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Max
15-03-12, 20:33 PM
Looking to speak to the local farmer about the possibility of a strip, and would like to know what sort of length would be ok?

Mine has a 462 HP, if anyone has any real life performance figures, take off + landing roll, + to 15m at MTOW would be most helpful, am thinking around 300m, but the location I am thinking has 300m available, clear approach one end, and then a telegraph wire at the other....

Any info greatly received!

Max

Terry Viner
15-03-12, 23:02 PM
Have you not thought about getting some short field flying under your belt first Max, it would help you make field assesments a lot easier for you.

TV

jjones
15-03-12, 23:32 PM
Mine has a 462 HP!

Max

anything over 10m would be sufficient for take off :D

Katie
15-03-12, 23:34 PM
I thought you flex wing guys went straight up and down :) but yes, there are text book numbers and there is what you are comfortable with, 2 different things to most pilots.
Also what will work on a cool day with a headwind will not work on a hot calm day, remember the numbers in the book are based on ISA. Leaning how to read the weather is very important with short strips, landing anywhere is easy with the right wind direction/strength :)

Max
15-03-12, 23:57 PM
Thanks all, the 462HP, its VSTOL ;), I meant the 462 with the hi-power exhaust :)

Text book numbers are 150m for T/o and 230m for landing at MAUW to/from 15m, the field has over 800m available, it's just being sensible with the amount needed, obviously will be different from the 6-1300m i'm used to at Half Penny, which allows us to Take off, land and take off again in the Quantum at MTOW.

I personally think that between 350-400m would be suitable, just want to get some real world figures on the Flash 2a :)

Max

Gentreau
16-03-12, 02:56 AM
The text book numbers are those demonstrated by a test pilot after lots of practice. Can you match them on a regular basis ?
The normal guidance (if I remember rightly) is that your required runway length should not exceed 70% of the runway length available.
That would put your required length at 330m for landing.

Another thing to consider is that even if you are comfortable with a certain runway length, if you want anyone to visit you, they may not be able to if the strip is too short or difficult.
Personally, I would have thought that 450m would be a good bet, allowing for slightly long, high or fast approaches.

ANDY1973
16-03-12, 08:08 AM
Clive's numbers sound pretty good to me.

You need to be very honest with yourself, and think about the runway distance that you need on your worst landing on the worst weather conditions that you will fly in. Its great if you can replicate the text book answers and match the company test pilot's performance on 95% of your landings. But if you have a floater every once in a while, and the grass is a bit slippy, and it's a nice, hot, calm day; then you could find yourself embarrassed.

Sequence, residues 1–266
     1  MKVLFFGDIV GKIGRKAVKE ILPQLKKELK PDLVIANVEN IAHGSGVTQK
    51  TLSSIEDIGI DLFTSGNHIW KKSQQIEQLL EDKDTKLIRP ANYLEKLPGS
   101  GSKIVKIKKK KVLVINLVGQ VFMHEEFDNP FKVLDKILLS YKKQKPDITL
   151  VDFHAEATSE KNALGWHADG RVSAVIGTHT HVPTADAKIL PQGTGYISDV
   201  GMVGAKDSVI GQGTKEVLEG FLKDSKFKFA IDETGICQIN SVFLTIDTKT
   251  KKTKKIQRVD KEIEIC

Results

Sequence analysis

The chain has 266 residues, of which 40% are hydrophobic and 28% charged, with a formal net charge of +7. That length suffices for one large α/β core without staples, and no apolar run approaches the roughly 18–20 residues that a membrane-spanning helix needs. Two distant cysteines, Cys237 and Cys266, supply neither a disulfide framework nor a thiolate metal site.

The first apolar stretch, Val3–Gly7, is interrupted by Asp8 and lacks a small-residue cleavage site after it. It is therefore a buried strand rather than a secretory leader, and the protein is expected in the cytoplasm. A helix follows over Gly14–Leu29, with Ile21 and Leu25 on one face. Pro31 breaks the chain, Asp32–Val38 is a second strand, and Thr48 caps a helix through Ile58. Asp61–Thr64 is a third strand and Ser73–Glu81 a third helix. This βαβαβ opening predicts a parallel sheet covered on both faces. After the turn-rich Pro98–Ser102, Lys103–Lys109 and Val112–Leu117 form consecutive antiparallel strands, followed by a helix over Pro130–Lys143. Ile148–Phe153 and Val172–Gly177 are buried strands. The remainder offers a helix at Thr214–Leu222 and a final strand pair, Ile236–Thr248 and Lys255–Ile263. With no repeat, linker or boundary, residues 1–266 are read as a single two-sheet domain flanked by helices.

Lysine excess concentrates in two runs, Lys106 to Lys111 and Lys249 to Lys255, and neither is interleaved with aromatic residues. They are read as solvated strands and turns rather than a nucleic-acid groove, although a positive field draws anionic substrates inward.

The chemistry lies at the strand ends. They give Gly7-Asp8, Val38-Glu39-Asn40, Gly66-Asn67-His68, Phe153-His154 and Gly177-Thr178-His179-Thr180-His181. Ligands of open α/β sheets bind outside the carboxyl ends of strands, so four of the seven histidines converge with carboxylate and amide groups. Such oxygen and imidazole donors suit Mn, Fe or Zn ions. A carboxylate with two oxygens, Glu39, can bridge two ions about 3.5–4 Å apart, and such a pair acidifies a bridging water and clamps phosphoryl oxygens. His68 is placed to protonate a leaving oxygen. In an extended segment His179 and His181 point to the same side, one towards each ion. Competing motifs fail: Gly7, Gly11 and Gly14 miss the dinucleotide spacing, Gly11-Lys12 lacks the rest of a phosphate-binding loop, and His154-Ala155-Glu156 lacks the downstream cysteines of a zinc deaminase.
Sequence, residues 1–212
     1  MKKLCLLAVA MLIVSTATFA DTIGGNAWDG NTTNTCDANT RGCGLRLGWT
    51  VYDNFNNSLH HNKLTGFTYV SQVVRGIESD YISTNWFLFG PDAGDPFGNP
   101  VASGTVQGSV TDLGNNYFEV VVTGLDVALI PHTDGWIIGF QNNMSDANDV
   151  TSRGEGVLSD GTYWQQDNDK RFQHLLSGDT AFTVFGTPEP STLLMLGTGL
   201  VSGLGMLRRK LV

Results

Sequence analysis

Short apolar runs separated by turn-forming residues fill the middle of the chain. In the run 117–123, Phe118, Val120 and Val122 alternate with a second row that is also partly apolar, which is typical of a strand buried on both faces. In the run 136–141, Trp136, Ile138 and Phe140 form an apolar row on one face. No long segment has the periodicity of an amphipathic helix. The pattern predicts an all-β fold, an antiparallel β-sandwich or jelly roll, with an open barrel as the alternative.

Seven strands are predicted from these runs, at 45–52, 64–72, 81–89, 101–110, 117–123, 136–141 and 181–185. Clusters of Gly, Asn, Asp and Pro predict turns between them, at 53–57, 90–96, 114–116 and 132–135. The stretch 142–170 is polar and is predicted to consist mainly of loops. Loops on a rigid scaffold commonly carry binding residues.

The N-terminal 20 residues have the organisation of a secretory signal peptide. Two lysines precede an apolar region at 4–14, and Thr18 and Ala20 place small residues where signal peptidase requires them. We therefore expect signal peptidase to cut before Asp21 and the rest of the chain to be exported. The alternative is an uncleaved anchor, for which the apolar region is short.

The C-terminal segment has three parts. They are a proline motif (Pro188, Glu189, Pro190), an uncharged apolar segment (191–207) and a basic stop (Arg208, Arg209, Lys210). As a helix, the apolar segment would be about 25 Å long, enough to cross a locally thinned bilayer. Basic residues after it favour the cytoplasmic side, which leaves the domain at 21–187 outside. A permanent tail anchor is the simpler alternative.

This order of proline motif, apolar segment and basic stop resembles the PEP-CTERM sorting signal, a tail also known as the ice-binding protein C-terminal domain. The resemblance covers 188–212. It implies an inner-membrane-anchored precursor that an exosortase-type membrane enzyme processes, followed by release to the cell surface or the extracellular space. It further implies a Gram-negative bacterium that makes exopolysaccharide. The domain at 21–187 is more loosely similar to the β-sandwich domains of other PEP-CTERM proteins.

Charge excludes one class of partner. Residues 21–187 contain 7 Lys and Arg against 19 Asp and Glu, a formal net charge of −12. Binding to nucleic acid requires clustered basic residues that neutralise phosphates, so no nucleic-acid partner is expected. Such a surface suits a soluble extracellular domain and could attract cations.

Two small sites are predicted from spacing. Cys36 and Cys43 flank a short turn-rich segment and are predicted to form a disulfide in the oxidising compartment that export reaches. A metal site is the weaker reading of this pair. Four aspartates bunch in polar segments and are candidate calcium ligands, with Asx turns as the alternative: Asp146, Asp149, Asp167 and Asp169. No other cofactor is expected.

As we all know from the initial stages of learning to fly, the difficult thing about landing is achieving consistency. Gaining experience after finishing your instruction certainly helps your consistency, but maintaining regular flying currency is also a huge element in this. Even with a fair few hours behind me now, I know that after a few weeks off flying my landings are not as accurate or consistent as when I'm flying regularly, and I would not consider a landing to a shorter field until I'd got back into practise.

A

Bob T
16-03-12, 11:03 AM
It all comes with experience. Short strips can be very daunting when you are a low hours pilot. I practices in a Quantum and a Raven on the short taxiways at RAF Wyton when I started flying, my instructor made me do it. Now (17 years on) with a machine that can fly nice and slowly, I think nothing of dropping into a 120 meter strip.

paultheparaglider
16-03-12, 11:04 AM
Max,

A lot depends on the entry and exits to your strip, and any obstructions such as buildings, trees, or anything likely to cause a rotor of some sort. Also, if you don't use the full 800m available - presumably because the rest will be in crop - I'd be careful with what the crop was if you overrun into it or have an EFATO. Weight will play a big part in your decision as it makes a big difference to short field performance with most older trikes. If you regularly operate at high weights then go for longer.

Longer will always be better, but I would have thought 400m would be fine. Especially if you cut it as far from that wire you mention as possible. However, to operate safely from a short strip you really need to develop the mindset that you will go around at the slightest sign of the approach being anything other than perfect. This is probably the critical point. And, if you don't think you can do it safely after a couple of attempts then go and land elsewhere.